Things to do on Magnetic Island

Just off the coast of Townsville, visiting this Queensland gem is worth more than a day trip, with heaps of things to do on Magnetic Island.

Written by Michael Turtle

Michael Turtle is the founder of Travel Australia Today. He has been a journalist for more than 20 years and loves exploring different parts of Australia.

Michael Turtle is the founder of Travel Australia Today and has been a journalist for 20 years.

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The best things to do on Magnetic Island

Use the table of contents to jump down the article - or continue reading for all my tips on the best things to do on Magnetic Island.

Magnetic Island is so close to Townsville that you can see it from many parts of the city. It basically operates as a suburb of Townsville for a lot of residents who go back and forth each day for work or school.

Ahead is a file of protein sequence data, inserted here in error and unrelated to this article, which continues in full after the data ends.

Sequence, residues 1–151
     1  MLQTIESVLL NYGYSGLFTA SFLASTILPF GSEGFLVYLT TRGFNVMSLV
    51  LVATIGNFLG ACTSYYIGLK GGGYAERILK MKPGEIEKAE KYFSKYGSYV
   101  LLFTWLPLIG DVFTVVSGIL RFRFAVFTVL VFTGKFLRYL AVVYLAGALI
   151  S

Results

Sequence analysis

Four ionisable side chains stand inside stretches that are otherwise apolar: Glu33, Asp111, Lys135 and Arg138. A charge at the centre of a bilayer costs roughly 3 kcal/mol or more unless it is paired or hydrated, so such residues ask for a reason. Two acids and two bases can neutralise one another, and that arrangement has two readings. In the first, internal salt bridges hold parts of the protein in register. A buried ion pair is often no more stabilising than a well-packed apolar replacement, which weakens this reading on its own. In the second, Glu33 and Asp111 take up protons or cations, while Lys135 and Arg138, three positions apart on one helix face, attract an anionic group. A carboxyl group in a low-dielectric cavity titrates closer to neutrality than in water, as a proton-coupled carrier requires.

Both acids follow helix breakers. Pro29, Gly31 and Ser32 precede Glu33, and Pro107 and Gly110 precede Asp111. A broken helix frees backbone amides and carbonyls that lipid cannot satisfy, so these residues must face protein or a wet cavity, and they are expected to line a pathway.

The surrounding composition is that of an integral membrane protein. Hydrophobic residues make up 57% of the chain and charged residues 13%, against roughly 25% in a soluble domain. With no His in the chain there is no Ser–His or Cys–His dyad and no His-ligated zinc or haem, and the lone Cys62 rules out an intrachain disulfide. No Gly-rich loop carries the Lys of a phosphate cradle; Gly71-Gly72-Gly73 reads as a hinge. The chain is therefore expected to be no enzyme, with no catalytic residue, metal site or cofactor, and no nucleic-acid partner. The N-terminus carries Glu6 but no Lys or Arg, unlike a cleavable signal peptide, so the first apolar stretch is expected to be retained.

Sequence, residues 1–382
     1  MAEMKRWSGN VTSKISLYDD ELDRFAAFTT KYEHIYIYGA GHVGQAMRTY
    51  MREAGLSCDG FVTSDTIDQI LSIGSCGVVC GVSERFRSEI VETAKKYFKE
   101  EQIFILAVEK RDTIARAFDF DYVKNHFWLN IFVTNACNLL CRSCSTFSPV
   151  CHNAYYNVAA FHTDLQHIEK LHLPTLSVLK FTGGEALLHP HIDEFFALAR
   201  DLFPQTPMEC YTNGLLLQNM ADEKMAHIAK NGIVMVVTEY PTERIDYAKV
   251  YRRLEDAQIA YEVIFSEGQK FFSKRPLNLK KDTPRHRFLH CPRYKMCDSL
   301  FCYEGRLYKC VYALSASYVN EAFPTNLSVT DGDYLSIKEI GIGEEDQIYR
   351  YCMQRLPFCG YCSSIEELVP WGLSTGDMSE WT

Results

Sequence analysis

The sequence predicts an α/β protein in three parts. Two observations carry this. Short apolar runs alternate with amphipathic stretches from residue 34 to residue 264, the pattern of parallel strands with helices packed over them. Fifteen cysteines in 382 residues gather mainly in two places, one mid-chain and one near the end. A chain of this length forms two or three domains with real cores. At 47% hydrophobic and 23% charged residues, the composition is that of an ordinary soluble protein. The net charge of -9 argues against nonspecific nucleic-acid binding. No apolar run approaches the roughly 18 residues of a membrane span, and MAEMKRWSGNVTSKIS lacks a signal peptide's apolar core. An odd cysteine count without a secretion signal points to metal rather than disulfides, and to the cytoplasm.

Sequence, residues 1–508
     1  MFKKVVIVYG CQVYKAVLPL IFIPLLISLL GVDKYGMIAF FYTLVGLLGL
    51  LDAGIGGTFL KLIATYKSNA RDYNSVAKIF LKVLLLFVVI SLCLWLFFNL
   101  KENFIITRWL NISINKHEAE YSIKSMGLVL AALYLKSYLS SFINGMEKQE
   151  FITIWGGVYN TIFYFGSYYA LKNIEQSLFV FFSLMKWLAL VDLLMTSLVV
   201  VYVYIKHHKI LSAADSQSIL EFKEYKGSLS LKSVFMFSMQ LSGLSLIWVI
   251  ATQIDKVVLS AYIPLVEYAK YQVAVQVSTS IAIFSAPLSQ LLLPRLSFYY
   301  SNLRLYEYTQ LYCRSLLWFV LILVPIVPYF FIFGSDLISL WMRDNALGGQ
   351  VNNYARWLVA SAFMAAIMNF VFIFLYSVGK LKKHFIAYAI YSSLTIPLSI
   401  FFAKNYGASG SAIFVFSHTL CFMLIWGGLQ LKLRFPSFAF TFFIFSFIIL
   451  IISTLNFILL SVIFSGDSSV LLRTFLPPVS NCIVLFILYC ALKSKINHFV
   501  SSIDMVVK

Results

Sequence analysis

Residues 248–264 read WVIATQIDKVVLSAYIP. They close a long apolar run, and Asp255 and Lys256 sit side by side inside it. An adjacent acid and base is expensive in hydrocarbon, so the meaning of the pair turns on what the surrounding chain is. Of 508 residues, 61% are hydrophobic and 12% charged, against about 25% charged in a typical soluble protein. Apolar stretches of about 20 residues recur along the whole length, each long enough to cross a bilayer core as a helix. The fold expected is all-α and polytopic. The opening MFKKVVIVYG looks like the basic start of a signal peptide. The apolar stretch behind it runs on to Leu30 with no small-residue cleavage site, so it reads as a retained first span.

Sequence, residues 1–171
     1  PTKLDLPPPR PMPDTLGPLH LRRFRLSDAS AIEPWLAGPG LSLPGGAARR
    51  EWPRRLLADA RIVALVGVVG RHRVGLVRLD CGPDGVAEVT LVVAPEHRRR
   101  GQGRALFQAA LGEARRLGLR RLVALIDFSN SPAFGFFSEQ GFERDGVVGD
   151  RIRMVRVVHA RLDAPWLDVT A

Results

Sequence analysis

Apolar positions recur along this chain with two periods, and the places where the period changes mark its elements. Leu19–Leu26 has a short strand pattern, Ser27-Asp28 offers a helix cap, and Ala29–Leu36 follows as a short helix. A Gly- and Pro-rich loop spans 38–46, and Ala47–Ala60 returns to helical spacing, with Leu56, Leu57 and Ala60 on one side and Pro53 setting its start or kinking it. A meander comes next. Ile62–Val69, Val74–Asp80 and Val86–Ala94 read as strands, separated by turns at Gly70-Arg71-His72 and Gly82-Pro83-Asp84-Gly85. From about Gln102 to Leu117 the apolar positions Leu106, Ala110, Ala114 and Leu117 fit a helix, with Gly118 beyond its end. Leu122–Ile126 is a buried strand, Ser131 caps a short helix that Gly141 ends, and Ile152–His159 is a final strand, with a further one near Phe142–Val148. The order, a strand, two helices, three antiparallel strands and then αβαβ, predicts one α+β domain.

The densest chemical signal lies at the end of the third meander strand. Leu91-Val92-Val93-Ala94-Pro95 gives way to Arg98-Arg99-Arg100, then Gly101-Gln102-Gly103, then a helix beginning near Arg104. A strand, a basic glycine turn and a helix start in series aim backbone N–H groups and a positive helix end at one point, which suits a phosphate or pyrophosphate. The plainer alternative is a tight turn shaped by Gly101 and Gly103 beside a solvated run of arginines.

Yet, when you visit Magnetic Island it feels like you are light years away from the mainland, not just a mere eight kilometres (connected by a ferry that takes only 20 minutes).

Things to do on Magnetic Island, Queensland
The Sealink Ferry connects Townsville and Magnetic Island

It’s one of the reasons Magnetic Island feels like a little slice of paradise. The fact that there are so many things to do on Magnetic Island is a bonus. You can come for a relaxing escape or you can busy yourself exploring (or both, to be honest).

The island is full of quirks and they are what makes it such an iconic destination. For example:

  • Magnetic Island is the only island on the Great Barrier Reef to have its own postcode, for instance – 4819.
  • Until recently, there were no addresses on Magnetic Island and each house had its own name, which was how the mail was delivered.